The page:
One friend said “just pick a place and try it for a year” but like I said previously I won’t plant roots if I don’t commit to a place.

Some people say “make a list”. Well that list is above. It’s not helping.

Anyway I **cking can’t decide!!

Cause I Still Haven't Found What I'm Looking For

There’s probably a post exactly like this a few weeks or month from before but hey, it’s what’s on my mind. I write this stuff more for myself to think out loud although I’d love to hear wise and sage advice or opinions if you have any.

I’m un-glued from a “normal” life (whatever that is). I’m not sure I actually like it. I guess this is kind of called the “digital nomad” life although my impression is digital nomads usually have work they have to do.

I have 2 big questions: Where should I live and what should I do. My friend Chris said as for a place to live I should just pick some place, any place and give it a year. If it sucks leave. Maybe that’s good advice? I kind of feel like picking a place is like getting married. I have to commit. Committing means working on making it my place. Get house or apartment, start decorating, nesting. Join clubs, sign up for classes, volunteer, make local friends. Basically plant roots. If I don’t plant roots I wouldn’t really being experiencing the place in a way that would make me want to stay. So, if I say “just a year”, in the back of my mind I won’t plant any roots, it will all just be temporary.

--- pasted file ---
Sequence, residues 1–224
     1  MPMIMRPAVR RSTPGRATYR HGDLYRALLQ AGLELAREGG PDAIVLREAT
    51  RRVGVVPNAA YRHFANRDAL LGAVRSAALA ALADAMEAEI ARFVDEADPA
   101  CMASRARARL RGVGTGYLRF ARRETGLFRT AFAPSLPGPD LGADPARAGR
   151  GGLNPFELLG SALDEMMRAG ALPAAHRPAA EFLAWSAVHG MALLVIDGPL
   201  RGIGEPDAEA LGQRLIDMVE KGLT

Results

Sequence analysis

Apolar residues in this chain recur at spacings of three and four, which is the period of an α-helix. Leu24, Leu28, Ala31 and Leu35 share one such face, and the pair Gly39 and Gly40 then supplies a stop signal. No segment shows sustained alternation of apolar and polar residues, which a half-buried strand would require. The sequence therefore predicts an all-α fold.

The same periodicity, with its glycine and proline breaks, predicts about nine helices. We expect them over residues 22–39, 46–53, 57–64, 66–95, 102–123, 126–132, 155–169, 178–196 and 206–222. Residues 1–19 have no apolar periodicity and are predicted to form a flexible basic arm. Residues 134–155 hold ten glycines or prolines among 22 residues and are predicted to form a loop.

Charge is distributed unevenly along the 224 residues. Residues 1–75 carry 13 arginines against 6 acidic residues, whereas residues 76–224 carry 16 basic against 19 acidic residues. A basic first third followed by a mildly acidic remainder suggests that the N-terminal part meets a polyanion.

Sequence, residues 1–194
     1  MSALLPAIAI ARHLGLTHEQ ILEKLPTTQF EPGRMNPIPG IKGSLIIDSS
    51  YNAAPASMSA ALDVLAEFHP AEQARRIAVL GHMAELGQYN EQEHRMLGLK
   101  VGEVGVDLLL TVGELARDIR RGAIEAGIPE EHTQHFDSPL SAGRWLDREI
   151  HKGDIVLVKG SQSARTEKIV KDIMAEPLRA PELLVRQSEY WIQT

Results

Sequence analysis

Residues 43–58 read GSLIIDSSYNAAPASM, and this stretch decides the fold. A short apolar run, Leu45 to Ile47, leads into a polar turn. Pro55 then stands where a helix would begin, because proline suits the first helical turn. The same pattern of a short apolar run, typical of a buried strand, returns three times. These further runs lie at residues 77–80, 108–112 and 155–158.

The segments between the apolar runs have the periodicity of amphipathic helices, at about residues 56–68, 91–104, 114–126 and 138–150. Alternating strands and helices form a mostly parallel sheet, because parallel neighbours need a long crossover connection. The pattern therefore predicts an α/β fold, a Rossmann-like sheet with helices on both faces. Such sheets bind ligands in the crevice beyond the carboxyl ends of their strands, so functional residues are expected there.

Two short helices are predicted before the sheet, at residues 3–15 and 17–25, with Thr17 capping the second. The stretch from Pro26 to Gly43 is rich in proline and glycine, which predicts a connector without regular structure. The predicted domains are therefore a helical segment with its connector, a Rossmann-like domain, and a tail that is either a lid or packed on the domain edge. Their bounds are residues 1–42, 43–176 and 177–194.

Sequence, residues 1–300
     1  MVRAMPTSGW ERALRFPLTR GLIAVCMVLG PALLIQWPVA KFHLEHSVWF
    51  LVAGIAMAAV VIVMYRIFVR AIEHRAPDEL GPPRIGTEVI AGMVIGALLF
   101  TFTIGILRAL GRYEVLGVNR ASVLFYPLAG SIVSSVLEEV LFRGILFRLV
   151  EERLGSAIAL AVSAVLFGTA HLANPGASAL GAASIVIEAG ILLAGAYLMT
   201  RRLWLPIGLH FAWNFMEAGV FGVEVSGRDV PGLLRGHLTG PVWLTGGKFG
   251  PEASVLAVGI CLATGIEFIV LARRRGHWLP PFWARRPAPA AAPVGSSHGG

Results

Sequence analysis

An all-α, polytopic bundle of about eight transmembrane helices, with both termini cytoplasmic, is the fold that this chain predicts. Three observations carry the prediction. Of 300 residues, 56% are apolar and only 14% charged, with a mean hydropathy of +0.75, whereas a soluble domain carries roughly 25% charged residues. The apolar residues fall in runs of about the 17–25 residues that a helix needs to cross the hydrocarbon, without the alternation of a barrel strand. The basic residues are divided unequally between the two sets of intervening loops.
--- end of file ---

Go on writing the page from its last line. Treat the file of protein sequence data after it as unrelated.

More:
Right now I’m in Tokyo again. This time I’ve been here for 2 months. I’m in a tiny apartment but it’s one of the nicer places I’ve stayed. It’s also the cheapest place I’ve stayed in the last 2 years. Hotels are expensive, go on Booking.com and see, the bottom level is hostels. The next level up is what I’ve been shooting for. That’s still $90-$150 at DAY!!!! OUCH!!! Yea, I’m getting poor living this way. Another reason I need to rent an apartment.

I was in LA from July 2014 to Feb 2015. I’m from there but had not lived there for 14 years. I forgot how good the weather is! I really liked hanging out with my friends in Pasadena but I gotta say of all the places being alone Tokyo seems best. There’s lots of things I loved but as a single guy I didn’t like trying to find places to work (cafes, co-working spaces, etc…) and I didn’t really enjoy eating out alone (like what is there?) and it sucked that the city closes at like 9pm. Here in Tokyo, especially where I’m living there’s hundreds of restaurants, bars, and even cafes I can visit at 3am.